Performance Summary and Final Comments
Performance Summary: In virtually all tests, the ASUS EN8800GTX was the top performer. 3DMark06 did the best job at demonstrating the performance potential of all cards tested whereas Half-Life 2: Lost Coast showed us where other factors, like CPU speed for example, can hold back this powerhouse from realizing its fullest performance potential.
As we bring this review to a close, there are a couple of things to consider. First and foremost, there is no arguing that the ASUS EN8800GTX is built with the most powerful GPU currently available on the market today. This card barely broke a sweat in a mainstream system, and when it did appear to slow down a bit, all cards performed on roughly the same level, showing other factors were coming into play. At first we were ambivalent about these results, questioning whether a more powerful CPU should have been used or a monitor capable of higher resolutions. In the end, we decided that these tests do have merit. There is no doubt that with a premium class CPU installed, and/or a monitor capable of higher resolutions, we would be able to better demonstrate the differences between all of the cards tested and we would also be able to better show the benefits of SLI as well. But then again, that is what we did in our launch article back in November. With the results achieved in this particular article, we were able to address users with more affordable CPUs and monitors where resolutions don't reach much beyond 1600x1200. What this shows is that the ASUS EN8800GTX, or any GeForce 8800GTX for that matter, is a killer gaming card that is best enjoyed with other hardware in its class, otherwise you might be getting a bit too much muscle. It's like dropping the engine of a Ferrari in the common SUV, you'll get a lot of muscle but you won't be doing 300MPH any time soon. That is, until more DX10-class titles hit the market. In the mean time, what's more interesting perhaps is turning up AA and Aniso Filtering to the max and enjoying as much eye candy as you can get with this card.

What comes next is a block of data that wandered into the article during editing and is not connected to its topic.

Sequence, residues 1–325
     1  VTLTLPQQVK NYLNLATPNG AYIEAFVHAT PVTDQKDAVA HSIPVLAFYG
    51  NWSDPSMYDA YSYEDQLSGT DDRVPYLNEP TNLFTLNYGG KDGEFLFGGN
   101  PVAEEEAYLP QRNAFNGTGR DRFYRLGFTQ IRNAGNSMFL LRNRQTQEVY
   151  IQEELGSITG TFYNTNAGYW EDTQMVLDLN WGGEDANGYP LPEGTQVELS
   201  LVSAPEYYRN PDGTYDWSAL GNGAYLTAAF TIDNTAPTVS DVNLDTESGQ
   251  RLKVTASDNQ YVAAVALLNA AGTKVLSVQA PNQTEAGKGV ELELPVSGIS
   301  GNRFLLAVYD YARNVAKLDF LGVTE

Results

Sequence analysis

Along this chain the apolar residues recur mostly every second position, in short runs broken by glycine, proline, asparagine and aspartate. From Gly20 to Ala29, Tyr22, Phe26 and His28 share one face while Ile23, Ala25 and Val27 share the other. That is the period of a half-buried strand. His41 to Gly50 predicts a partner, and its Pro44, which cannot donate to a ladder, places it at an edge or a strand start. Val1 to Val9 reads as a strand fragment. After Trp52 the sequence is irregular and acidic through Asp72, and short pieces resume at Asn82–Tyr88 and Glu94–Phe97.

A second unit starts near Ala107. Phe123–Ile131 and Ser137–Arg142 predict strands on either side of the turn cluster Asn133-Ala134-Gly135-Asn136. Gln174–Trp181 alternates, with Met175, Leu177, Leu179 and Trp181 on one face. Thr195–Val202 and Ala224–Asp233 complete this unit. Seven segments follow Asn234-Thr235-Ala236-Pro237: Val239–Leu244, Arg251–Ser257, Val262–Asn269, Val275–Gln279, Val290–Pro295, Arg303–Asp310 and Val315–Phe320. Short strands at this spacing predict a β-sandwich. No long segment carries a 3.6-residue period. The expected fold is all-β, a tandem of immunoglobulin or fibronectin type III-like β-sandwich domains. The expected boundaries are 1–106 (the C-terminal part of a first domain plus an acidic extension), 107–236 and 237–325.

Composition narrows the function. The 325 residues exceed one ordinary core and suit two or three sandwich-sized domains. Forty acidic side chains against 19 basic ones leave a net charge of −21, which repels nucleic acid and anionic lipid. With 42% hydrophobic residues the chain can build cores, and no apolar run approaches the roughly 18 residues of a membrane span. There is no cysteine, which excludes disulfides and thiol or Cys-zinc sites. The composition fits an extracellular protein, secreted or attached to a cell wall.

Selling in the ballpark of $595 - $629, the ASUS EN8800GTX doesn't come cheap, and we've see similar models for up to $60 or $80 less. Regardless, this card will pay handsome dividends when installed in a system with the power to complement it. On the flip-side of the equation, if the video card costs more than the hardware in your system, you might be throwing cash away. In that case, it may be wise to save a few dollars and set your sights on a card that might be more suited to your current hardware, such as an Asus EN8800GTS which sells for $200 less and will still bring potent DirectX 10 capabilities to your system.